I was raised from a humble family, where we struggled financially. I loved studying, but finding school fees was difficult because my parents could not afford.
I occasionally had to change schools due to financial challenges. But by the grace of God, in 2005 I completed my primary seven at Rutookye Primary School in Mitooma district.
I joined Mahungye Secondary School, Mitooma, in senior one, with high hopes that my dreams of making it in life would be accomplished.
But, unfortunately, while I was in senior three, my parents could no longer afford my school fees.
I always wanted to attain education and lead a better life than my parents. But that wish somehow felt mysterious because I did not have any alternative source of fees.
Trying other options was like jumping from the frying pan to the fire.
My uncle gave me a camera to take photos and earn a living out of it, but I failed miserably at photography.
I also tried to make local ‘waragi’ for sale and again the business collapsed within a blink of an eye.
As if failing was not enough, everyone I called for help turned a deaf ear. For a moment, I thought I was cursed. I looked like I was just a ‘man of sorrow’.
Coming to Kampala
In 2008, my uncle brought me to Kawempe in Kampala, where he got me a job as a shoe shiner on the street.
But with this, I was also not able to cater for all my needs.
I opted for bicycle riding, transporting people from Kawempe to Bwaise and Mpererwe. It was a series of misery that I almost lost hope for a better future.
When my bicycle was knocked, I contemplated giving up, but decided to give myself one more chance.
So, I used my savings to set up a diary shop, but life did not change for any better.
I struggled to pay rent because of low sales. After a while, I decided to sell all my belongings to clear the seven-month rent arrears. How I desired to die!
Getting to know God
One day as I staggered in the road, hoping to get knocked by a car and die, I met a street preacher who changed my life.
As we spoke, he invited me to Church the following Sunday. My plan, however, was to just go to Church, get born-again, then proceed to commit suicide.
My mum had told me once that if one dies without accepting Jesus Christ, they go to hell. I did not want to go there. I wanted to go to Heaven.
That Sunday, during Church service (at Bible Gospel Church Kawempe), the preacher of the day ministered a sermon that was exactly my life experience.
I was so inspired and when the altar call was made, I rushed to the front and accepted Jesus Christ as my personal Saviour.
I started learning how to pray and relate with God.
Returning to school
Since I was still jobless, one of the Church elders offered to take me to his farm to work as a shamba boy in Buikwe district.
I was determined to be very hard working and I ensured I did my job well. In my free time, I moved around the neighbouring schools envangelising.
One day while I was taking a rest, I felt like God was telling me to go back to school. It was unbelievable for me because at 25, I did not know how to start.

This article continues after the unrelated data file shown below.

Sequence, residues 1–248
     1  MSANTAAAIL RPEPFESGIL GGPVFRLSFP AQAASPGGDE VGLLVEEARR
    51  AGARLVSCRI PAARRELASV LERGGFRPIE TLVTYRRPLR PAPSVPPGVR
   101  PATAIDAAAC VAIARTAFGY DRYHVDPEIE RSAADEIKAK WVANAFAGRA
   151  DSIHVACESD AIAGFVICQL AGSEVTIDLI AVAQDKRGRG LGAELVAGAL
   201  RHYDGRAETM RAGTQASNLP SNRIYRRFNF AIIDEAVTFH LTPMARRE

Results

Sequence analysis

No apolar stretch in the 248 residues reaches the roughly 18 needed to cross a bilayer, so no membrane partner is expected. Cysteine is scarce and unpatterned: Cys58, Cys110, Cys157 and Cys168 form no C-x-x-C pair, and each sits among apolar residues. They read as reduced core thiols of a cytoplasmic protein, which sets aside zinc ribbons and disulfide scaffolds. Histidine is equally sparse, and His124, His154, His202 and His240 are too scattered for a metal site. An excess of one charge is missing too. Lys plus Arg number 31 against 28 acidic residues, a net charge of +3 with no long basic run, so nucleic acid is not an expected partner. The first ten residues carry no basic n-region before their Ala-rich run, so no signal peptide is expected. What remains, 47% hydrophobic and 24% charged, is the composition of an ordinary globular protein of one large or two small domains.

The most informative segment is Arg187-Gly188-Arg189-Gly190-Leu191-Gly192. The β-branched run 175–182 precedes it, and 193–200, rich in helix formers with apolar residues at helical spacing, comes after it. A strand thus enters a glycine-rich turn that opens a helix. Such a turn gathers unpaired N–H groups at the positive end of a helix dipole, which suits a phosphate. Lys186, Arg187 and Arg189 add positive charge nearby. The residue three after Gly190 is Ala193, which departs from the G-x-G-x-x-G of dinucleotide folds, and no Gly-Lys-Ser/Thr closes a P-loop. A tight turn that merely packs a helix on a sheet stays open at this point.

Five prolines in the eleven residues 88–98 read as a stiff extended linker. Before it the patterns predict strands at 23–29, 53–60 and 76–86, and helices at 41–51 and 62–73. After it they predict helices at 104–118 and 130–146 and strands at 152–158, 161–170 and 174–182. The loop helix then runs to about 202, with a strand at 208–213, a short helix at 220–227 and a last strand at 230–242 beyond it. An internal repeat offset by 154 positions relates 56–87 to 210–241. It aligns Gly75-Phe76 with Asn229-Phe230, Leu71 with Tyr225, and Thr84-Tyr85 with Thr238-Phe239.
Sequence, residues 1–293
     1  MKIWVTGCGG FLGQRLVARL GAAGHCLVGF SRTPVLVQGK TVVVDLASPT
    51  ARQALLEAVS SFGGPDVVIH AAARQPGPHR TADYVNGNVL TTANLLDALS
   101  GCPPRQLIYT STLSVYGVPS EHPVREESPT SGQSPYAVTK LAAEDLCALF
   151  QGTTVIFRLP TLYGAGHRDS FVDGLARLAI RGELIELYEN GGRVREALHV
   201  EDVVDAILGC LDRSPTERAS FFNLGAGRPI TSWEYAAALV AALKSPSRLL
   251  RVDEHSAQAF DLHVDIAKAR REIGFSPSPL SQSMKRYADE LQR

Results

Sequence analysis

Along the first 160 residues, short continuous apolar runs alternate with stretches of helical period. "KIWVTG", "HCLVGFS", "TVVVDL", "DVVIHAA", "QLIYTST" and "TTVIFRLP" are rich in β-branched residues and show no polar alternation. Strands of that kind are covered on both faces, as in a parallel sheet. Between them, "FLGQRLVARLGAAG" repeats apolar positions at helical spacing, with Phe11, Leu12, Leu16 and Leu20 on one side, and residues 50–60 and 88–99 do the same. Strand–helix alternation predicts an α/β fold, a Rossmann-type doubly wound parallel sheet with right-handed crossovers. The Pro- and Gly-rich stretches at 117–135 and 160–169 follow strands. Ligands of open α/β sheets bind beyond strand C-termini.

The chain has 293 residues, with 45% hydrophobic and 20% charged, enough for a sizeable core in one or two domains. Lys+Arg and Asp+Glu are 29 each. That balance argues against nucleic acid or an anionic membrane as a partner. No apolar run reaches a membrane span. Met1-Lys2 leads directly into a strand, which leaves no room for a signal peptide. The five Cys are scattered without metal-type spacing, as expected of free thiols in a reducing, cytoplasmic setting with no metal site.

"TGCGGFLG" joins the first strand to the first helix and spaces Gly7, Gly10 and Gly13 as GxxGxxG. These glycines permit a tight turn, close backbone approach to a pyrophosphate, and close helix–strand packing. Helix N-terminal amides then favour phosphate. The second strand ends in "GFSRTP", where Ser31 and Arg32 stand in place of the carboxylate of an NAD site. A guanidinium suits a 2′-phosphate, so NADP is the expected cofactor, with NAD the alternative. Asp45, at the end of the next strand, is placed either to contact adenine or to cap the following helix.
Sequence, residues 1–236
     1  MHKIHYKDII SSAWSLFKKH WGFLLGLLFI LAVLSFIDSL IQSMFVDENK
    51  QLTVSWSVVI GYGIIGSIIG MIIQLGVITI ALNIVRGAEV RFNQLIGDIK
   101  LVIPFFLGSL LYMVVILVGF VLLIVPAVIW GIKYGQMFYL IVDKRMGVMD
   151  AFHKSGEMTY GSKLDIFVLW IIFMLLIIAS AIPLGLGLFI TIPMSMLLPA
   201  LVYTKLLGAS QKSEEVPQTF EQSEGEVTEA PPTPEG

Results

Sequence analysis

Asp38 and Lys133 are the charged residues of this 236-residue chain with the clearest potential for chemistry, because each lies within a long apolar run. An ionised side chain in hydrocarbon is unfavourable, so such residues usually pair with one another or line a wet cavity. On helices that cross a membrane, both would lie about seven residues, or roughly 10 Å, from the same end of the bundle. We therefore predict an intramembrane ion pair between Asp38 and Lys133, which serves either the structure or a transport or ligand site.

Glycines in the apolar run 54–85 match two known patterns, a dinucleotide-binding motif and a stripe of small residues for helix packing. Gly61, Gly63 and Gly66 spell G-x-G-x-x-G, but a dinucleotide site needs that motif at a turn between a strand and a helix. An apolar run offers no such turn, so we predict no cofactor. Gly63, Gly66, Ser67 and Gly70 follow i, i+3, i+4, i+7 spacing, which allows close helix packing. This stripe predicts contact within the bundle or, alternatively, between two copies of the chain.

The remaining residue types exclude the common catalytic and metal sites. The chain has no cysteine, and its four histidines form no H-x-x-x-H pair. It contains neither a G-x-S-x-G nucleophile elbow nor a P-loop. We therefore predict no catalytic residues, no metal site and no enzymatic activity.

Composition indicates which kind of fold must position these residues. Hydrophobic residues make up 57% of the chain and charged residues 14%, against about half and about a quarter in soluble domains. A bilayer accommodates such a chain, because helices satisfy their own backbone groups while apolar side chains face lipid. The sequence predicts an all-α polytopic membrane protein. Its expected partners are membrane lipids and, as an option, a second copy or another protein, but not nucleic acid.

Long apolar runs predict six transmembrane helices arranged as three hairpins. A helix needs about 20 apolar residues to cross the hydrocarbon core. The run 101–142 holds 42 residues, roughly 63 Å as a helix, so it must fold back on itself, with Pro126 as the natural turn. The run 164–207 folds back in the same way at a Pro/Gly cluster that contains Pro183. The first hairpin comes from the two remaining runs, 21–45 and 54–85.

I consulted the head teacher at Kingston Secondary School, Buikwe. After a long chat, he agreed to admit me.
I had to start from senior three. The first time I entered class, all students stood up to welcome me, thinking I was a new teacher. I was embarrassed because of the age difference between the rest of my classmates and myself.
Due to the nature of my work, I could not attend school whole day. I negotiated with the administration and we agreed that I report to school at 11:00am and leave at 4:00pm because I had to tend to the farm.
This affected my performance at senior four when I sat for the first time.
But, determined as I was, I had to re-sit the O’ level Uganda National Examinations Board (UNEB) exams to get good grades.
Joining A’ level was challenging too, because I desired to attend the best school in the district. It was a mixed day and boarding school which fees I could not afford.
When I finally joined Buikwe Secondary School and requested to join boarding section hoping God would send a ‘good Samaritan’.
I had only shs 5,000, which I used to buy two books and a pen. Whever asked for fees, I would lie to the teachers that my fees was coming. I thank God they never sent me away.
Towards the end of term, the school hosted visitors from the UK, under an organisation called International Needs Uganda (IN-Ug).
This was a blessing for me. One of them met me in the compound and approached me, mistaking me for a teacher.
While we chatted, I shared my experience with him. He also shared my story with his colleagues who, fortunately, picked interest in me.
Lateron, they invited me for a group chat. After hearing my full story, one of them offered to sponsor my education. I completed A’ Level in 2017 knowing God had answered my prayers.
In 2018 I joined Kyambogo University to pursue a degree in Social Work and Social Administration, under the sponsorship of IN-Ug.
I have been able to complete successfully. As I await my graduation in September 2022, I believe God will also provide the job. I believe that when we trust God, He is faithful and answers.